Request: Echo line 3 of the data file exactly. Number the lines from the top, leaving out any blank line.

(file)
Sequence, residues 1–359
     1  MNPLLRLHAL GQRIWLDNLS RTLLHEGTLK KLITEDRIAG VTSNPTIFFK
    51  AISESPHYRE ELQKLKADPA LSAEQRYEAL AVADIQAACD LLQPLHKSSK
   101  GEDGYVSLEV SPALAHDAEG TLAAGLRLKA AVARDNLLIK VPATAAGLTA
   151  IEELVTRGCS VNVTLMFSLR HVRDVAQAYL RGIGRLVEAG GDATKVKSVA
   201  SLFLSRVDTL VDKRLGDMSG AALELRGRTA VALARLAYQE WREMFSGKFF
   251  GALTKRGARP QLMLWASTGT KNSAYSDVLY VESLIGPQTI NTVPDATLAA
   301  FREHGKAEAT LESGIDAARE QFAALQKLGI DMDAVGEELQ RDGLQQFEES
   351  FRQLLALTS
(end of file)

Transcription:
    51  AISESPHYRE ELQKLKADPA LSAEQRYEAL AVADIQAACD LLQPLHKSSK